Drama by Raina Telgemeier: Callie loves theater. And while she would totally try out for her middle school’s production of Moon Over Mississippi, she’s a terrible singer. Instead she’s the set designer for the stage crew, and this year she’s determined to create a set worthy of Broadway on a middle-school budget. But how can she, when she doesn’t know much about carpentry, ticket sales are down, and the crew members are having trouble working together? Not to mention the onstage AND offstage drama that occurs once the actors are chosen, and when two cute brothers enter the picture, things get even crazier!
Smile by Raina Telgemeier: Raina just wants to be a normal sixth grader. But one night after Girl Scouts she trips and falls, severely injuring her two front teeth. What follows is a long and frustrating journey with on-again, off-again braces, surgery, embarrassing headgear, and even a retainer with fake teeth attached. And on top of all that, there’s still more to deal with: a major earthquake, boy confusion, and friends who turn out to be not so friendly.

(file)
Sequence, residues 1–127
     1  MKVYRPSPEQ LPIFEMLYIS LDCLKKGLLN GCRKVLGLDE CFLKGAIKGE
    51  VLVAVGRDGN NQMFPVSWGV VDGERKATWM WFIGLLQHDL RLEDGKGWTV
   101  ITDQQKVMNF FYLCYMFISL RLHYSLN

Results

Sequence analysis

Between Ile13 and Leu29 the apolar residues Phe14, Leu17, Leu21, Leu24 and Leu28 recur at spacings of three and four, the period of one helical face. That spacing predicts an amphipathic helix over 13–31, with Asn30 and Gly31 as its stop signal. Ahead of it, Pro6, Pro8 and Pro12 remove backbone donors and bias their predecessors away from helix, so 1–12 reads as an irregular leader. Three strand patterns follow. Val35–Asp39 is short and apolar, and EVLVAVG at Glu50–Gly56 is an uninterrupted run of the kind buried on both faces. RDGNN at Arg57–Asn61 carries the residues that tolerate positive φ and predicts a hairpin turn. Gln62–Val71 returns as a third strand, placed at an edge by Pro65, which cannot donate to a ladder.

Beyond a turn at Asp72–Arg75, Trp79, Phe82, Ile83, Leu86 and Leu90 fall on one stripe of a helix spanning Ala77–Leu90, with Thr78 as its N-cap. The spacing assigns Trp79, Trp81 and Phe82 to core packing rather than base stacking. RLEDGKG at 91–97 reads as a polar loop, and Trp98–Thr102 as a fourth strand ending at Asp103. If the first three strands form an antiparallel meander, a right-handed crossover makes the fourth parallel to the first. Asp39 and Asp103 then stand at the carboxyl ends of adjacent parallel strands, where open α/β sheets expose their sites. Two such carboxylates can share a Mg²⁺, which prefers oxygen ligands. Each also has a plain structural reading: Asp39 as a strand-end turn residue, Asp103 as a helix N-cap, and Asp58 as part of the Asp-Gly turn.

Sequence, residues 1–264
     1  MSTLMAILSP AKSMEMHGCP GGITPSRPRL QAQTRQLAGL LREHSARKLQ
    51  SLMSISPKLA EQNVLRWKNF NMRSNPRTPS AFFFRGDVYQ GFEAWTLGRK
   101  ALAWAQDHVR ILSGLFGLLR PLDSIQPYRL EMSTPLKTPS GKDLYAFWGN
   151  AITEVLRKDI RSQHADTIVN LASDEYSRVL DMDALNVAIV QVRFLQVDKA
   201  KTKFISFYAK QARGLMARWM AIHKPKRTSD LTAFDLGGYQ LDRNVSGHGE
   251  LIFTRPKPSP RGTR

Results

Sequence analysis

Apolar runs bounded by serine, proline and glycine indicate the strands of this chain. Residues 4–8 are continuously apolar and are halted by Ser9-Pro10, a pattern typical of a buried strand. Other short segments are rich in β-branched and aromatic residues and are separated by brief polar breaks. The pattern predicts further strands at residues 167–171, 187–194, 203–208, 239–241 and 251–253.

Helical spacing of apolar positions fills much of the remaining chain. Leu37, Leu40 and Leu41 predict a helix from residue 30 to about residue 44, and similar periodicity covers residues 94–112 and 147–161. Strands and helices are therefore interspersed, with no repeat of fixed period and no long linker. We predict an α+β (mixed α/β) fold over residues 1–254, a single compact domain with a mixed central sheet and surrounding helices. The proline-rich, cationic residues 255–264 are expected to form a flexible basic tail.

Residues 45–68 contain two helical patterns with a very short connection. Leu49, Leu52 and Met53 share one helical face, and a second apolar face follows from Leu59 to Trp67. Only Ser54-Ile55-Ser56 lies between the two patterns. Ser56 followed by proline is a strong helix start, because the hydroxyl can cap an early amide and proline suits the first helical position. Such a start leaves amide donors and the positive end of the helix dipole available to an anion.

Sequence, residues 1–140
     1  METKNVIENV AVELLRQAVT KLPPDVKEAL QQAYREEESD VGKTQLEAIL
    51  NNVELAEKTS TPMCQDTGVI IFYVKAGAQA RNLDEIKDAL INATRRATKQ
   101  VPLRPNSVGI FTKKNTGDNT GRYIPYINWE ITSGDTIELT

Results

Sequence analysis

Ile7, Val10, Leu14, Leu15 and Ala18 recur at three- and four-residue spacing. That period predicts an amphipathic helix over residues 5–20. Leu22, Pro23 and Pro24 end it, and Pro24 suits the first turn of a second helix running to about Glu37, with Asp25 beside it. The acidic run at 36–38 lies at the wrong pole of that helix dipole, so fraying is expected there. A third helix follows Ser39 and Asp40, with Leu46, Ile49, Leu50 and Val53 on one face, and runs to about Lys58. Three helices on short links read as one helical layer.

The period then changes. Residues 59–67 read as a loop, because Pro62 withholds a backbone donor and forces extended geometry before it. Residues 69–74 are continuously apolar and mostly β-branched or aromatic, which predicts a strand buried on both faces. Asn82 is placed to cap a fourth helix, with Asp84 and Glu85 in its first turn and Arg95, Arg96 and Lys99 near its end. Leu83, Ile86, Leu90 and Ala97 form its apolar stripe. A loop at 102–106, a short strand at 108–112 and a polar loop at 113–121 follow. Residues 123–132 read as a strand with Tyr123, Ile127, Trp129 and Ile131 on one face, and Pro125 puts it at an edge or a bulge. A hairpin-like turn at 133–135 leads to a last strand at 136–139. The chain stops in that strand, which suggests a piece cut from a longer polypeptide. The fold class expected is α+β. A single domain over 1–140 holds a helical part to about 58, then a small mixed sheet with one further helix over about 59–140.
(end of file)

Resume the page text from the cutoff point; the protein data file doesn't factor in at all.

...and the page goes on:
Friends with Boys by Faith Erin Hicks: Maggie McKay hardly knows what to do with herself. After an idyllic childhood of homeschooling with her mother and rough-housing with her older brothers, it’s time for Maggie to face the outside world, all on her own. But that means facing high school first. And it also means solving the mystery of the melancholy ghost who has silently followed Maggie throughout her entire life. Maybe it even means making a new friend—one who isn’t one of her brothers.